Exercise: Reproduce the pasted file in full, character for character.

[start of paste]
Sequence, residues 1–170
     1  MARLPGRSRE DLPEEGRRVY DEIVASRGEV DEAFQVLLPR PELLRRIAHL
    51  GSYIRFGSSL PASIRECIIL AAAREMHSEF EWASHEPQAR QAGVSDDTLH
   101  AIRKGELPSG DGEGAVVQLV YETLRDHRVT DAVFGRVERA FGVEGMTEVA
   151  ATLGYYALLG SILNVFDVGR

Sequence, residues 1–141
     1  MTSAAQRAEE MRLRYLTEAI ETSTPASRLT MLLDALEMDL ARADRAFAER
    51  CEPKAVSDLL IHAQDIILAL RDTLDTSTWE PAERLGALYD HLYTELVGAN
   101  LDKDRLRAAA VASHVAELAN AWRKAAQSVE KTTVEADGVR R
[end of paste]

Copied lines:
Sequence, residues 1–170
     1  MARLPGRSRE DLPEEGRRVY DEIVASRGEV DEAFQVLLPR PELLRRIAHL
    51  GSYIRFGSSL PASIRECIIL AAAREMHSEF EWASHEPQAR QAGVSDDTLH
   101  AIRKGELPSG DGEGAVVQLV YETLRDHRVT DAVFGRVERA FGVEGMTEVA
   151  ATLGYYALLG SILNVFDVGR

Sequence, residues 1–141
     1  MTSAAQRAEE MRLRYLTEAI ETSTPASRLT MLLDALEMDL ARADRAFAER
    51  CEPKAVSDLL IHAQDIILAL RDTLDTSTWE PAERLGALYD HLYTELVGAN
   101  LDKDRLRAAA VASHVAELAN AWRKAAQSVE KTTVEADGVR R